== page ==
If there was one word to sum up the latest film in the sci-fi-action-horror series The Chronicles of Riddick, it would be “meh.” The movie really does not evoke any strong emotions, positive or negative. It does manage to have a somewhat entertaining plot, but it flounders in a sea of bland characters that leave no impression. Riddick’s main crime is that it is just forgettable. Nothing about the film is particularly memorable because it never comes close to getting the audience invested in its characters or plot.

Right off the bat, Riddick decides not to waste time on that pesky character development. Instead, the plot and dialogue only exist as a way to connect scenes of the titular space warrior (Vin Diesel, The Fast and the Furious) killing people. This lack of knowledge of the characters in a movie, in which the majority of the cast dies, presents a problem. If not enough time is spent on character development, then why should viewers care when those characters die? It is almost as if characters come in from one side of the screen and exit through the other without making any impact on the film as whole; their fates are glaringly obvious from the beginning, leaving audience members bored at best.

The way to get audiences emotionally invested in a film’s characters is to develop their personalities and give them motives. Unfortunately, Riddick never does this. The screenwriters and director clearly do not care about them enough to make them meaningful, so the audience is ultimately left with little to grasp as the film progresses.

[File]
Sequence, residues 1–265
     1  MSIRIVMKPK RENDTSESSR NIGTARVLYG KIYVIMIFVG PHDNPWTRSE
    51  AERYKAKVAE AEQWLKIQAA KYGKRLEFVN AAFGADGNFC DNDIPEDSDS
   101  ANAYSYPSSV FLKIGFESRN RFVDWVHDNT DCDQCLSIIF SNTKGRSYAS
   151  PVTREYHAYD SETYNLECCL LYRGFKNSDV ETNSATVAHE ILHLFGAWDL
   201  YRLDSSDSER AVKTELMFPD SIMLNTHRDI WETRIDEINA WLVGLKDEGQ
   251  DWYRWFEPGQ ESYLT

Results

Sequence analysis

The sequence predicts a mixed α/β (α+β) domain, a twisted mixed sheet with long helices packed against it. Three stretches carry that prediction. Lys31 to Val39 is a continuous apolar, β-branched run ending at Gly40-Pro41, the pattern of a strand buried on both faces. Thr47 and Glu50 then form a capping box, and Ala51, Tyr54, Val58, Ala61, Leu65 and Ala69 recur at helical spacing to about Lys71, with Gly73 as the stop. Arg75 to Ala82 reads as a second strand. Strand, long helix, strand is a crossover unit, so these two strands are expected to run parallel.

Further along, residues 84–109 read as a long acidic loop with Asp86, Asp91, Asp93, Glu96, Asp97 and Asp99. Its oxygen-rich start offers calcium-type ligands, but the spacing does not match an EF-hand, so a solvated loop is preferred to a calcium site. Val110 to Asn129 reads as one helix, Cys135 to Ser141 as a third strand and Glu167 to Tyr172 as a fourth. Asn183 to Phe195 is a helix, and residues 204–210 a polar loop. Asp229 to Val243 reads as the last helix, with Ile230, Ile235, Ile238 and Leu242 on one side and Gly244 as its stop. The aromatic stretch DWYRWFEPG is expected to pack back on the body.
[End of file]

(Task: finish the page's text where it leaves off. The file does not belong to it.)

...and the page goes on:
Another issue with the characters is that they are not very likable to begin with. In the harsh, monster-infested world of Riddick it would be understandable if a few characters were not exactly optimistic all the time, but most of them come off as mean-spirited for no good reason. If the characters were backed by stronger development, they could establish pasts and motives that would make them more sympathetic and therefore more relatable. This movie never bothers with that, though.

The only character that gets any sort of interesting motive is Johns (Matthew Nable), but his is never fleshed out, and is eventually dismissed by Riddick in about a paragraph of dialogue. The problem is that the characters aren’t framed properly. Audience members can barely root for Riddick, and he is supposed to be the hero. This creates a problem when the situation is life or death, because when such a situation arises, viewers just might not care.

On a more positive note, Riddick is somewhat redeemed by its plot. To its credit, the plot is not predictable and even manages to be interesting at times. Although it is just a series of events leading to a string of bloodbaths, sometimes the bloodbaths can be satisfying. The kill scenes can be gritty and impressive and the pacing does build some suspense.

The story may not be very intelligent or thought provoking, but it does create an enjoyable result- a simple, non-challenging escape film. Riddick isn’t going to raise, much less answer, any important questions, but it can provide an entertaining two hours. If you can go in, sit down and shut off your brain, you will not have too many complaints.

Riddick is entertaining, but mostly it will just go in one ear and out the other. The acting is fine, and the characters are passable, even if they are bland. Viewers looking for a serious, intelligent film that works more as a character piece should back away slowly from this flick. Anyone looking for a way to waste a Saturday afternoon with a few friends, though, should grab a ticket.

Our Take: 2/5